Introduction To Vasopressin

Vasopressin is the mediator of a remarkable regulatory system for the conservation of water. The hormone is released by the posterior pituitary whenever water deprivation causes an increased plasma osmolality or whenever the cardiovascular system is challenged by hypovolemia and/or hypotension. In humans, vasopressin acts primarily in the renal collecting duct, increasing the permeability of the cell membrane to water and permitting water to move passively down an osmotic gradient across the collecting duct into the extracellular compartment.

Vasopressin also is a potent vasopressor whose name was chosen in recognition of its vasoconstrictor action. Vasopressin is a neurotransmitter; among its actions in the CNS are apparent roles in the secretion of ACTH and in the regulation of the cardiovascular system, temperature, and other visceral functions. Vasopressin also may play a role in hemostasis by promoting the release of coagulation factors by the vascular endothelium and increasing platelet aggregation.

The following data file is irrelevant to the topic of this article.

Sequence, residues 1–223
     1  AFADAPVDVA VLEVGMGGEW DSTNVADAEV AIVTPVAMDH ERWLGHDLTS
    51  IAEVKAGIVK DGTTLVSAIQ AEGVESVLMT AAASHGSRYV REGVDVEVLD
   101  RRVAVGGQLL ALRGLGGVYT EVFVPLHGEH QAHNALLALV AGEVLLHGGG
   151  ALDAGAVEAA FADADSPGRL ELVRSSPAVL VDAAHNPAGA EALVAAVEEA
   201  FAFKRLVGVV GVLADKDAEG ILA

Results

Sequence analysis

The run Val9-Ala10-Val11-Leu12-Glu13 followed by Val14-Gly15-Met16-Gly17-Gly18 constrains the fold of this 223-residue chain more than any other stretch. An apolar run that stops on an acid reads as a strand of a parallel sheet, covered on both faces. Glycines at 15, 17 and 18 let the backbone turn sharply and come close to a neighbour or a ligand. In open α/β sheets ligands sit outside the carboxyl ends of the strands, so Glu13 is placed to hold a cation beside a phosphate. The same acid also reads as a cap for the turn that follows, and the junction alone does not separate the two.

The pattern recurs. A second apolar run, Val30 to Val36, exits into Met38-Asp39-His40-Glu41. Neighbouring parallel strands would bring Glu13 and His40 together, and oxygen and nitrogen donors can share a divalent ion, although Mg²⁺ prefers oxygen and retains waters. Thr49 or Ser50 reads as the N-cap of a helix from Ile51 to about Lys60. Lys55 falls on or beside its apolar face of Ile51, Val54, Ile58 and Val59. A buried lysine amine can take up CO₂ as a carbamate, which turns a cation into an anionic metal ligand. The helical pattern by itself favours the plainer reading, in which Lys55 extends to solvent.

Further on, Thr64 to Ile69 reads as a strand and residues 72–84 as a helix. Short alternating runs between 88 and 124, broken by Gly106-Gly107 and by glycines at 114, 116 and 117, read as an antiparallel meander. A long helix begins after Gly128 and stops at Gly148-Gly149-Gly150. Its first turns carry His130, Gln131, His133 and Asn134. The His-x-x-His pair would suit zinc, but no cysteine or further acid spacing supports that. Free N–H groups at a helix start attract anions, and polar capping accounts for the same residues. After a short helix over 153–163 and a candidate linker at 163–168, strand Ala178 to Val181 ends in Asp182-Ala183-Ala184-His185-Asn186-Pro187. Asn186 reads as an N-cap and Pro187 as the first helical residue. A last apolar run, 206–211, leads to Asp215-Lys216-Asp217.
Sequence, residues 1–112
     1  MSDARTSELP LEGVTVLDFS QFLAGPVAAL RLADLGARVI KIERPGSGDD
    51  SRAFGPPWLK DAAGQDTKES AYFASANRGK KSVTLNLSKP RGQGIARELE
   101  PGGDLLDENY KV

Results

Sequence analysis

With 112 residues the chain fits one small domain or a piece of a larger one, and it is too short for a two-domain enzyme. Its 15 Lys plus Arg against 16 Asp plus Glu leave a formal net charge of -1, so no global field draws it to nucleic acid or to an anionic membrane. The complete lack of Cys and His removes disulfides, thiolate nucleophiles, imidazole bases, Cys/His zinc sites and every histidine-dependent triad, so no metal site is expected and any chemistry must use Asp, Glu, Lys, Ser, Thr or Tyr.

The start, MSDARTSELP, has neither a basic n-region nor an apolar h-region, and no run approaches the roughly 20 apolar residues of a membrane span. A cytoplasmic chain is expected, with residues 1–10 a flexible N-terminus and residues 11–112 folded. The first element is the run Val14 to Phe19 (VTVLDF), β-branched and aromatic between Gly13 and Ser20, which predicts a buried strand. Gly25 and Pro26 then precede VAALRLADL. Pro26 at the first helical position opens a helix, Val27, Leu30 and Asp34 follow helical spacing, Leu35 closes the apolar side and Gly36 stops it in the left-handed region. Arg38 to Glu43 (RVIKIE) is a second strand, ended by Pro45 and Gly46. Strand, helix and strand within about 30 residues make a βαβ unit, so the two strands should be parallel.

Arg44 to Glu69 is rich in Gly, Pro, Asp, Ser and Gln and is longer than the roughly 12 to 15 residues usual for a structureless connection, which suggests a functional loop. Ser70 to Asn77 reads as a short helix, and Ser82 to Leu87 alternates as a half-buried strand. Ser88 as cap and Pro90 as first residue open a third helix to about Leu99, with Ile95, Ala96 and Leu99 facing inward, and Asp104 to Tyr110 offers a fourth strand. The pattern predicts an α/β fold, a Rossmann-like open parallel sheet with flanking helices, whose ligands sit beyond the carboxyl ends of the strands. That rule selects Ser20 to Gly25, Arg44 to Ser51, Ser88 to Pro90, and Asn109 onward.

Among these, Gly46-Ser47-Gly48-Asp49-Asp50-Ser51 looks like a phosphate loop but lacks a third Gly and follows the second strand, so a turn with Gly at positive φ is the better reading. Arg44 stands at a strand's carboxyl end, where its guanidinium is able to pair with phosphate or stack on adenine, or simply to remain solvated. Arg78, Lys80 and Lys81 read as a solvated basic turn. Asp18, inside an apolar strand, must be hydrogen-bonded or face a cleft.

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Diabetes 2

Diabetes 2

Diabetes is a disease that affects the way your body uses food. Normally, your body converts sugars, starches and other foods into a form of sugar called glucose. Your body uses glucose for fuel. The cells receive the glucose through the bloodstream. They then use insulin a hormone made by the pancreas to absorb the glucose, convert it into energy, and either use it or store it for later use. Learn more...

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